The areas 67, 68, 69 and 70 each comprise a cutout forming a circle or a part of a circle, capable of forming, on assembly of the box, the circular opening 8.
The area 68 comprises an oblique cutter line O'U delimiting a gluing zone 71 on its first surface. The area 67 comprises, on its first surface, a gluing zone 72 corresponding to the zone 71 and intended to be glued thereto.
In the same manner, the area 70 comprises an oblique cutter line S'V delimiting, on its first surface, a gluing zone 73. The area 69 comprises, on its first surface, a gluing zone 74 corresponding to the zone 73 and intended to be glued thereto.
The rectangular face 63 comprises two oblique cutter lines 21 joining the folding lines MN and AC as well as a cutter line 22 disposed along the folding line MN.
In a symmetrical manner (relative to the folding line AC), the upper part of the rectangular face 50 comprises two oblique cutter lines 21 and a transverse cutter line 22 joining the two cutter lines 21.
The cutter lines 21 and 22 of the faces 50 and 63 delimit, after folding of the tab 59 on the face 50, a double, detachable cardboard piece 23 of trapezoidal form, intended to form, after tearing, a notch facilitating pouring out.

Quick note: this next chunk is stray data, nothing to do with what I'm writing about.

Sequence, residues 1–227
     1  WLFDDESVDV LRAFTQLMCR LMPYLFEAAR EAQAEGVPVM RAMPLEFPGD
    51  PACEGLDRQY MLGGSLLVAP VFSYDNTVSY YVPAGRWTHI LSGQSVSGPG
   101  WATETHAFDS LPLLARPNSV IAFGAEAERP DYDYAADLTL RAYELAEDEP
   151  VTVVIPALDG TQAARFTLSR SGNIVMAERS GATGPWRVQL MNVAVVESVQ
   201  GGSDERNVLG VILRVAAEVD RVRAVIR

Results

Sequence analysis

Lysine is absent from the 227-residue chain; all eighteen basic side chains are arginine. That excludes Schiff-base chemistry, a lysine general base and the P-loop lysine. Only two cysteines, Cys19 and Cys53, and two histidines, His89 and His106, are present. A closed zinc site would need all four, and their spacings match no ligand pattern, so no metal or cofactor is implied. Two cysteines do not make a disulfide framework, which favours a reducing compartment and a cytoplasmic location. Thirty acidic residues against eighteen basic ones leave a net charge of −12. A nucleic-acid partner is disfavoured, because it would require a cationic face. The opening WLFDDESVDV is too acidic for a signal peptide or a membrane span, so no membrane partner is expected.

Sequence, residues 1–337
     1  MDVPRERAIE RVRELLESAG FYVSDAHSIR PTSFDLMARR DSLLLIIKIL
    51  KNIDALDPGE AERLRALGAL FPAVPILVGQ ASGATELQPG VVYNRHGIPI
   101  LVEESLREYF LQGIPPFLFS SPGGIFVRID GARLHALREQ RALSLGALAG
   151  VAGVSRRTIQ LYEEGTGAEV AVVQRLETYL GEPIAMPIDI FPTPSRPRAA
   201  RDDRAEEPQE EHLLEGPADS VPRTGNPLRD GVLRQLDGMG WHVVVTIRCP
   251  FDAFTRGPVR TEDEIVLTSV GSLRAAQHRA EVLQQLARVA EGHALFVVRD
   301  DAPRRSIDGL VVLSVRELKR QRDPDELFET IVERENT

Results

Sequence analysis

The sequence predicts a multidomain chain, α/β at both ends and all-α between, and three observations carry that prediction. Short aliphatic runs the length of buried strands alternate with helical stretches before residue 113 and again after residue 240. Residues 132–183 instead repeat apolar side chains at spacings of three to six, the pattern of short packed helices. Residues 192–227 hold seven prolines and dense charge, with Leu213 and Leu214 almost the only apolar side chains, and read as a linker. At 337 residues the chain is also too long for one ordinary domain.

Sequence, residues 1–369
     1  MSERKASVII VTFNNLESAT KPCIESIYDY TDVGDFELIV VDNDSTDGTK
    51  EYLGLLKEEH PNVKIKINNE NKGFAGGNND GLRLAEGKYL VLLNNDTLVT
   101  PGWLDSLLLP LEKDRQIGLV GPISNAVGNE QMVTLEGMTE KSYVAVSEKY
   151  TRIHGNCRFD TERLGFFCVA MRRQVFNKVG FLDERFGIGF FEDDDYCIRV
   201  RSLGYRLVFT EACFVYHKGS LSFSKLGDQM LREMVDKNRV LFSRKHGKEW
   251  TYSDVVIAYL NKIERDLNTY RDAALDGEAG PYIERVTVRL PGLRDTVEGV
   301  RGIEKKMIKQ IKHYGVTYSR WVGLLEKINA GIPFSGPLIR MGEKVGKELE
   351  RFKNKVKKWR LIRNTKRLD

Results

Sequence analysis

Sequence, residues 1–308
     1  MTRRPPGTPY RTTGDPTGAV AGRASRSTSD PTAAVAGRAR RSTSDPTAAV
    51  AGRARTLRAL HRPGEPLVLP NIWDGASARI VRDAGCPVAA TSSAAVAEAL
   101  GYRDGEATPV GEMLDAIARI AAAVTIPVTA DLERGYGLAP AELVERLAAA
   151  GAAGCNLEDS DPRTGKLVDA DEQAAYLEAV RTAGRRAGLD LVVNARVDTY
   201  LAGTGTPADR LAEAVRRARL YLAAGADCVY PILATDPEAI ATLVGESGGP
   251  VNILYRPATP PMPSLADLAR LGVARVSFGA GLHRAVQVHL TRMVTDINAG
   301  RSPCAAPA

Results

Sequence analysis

The rectangular face 65 comprises a cutout 75 of elongated form. The face 52 comprises, in a symmetrical manner relative to the folding line EG, a window 17 of identical form. The window 17 comprises a straight folding line forming a hinge 18, a cutting line 19 and a cardboard piece 20 which can be folded over.
The first stage of assembly of the box consists in folding the gluing zones 71 and 73 along their respective cutter line O'U, S'V. The faces 63, 64, 65 and 66 are then folded over the rectangular faces 50, 51, 52 and 53 by means of rotation about the folding line AI.
The faces 63, 64, 65 and 66 are glued on the corresponding zones of the faces 50, 51, 52 and 53. The tab 62 is cut out so that it does not cover (when folded over the face 53) the gluing zone of the face 53 with the gluing tab 54.
As the tabs 59, 60, 61 and 62 are narrower than the rectangular faces 50, 51, 52 and 53, the folding lines AB, CD, EF and GH are not covered and remain free over their entire length.
The tabs 59, 60, 61 and 62 are then folded, performing a rotation of 90° about their respective folding line MN, OP, QR and ST.
The first surface of the gluing tab 54 is glued on the reverse surface of the face 53, along its edge IJ.
The gluing zone 71 is glued to the zone 72 and the zone 73 to the zone 74, the box 2 then being completely assembled.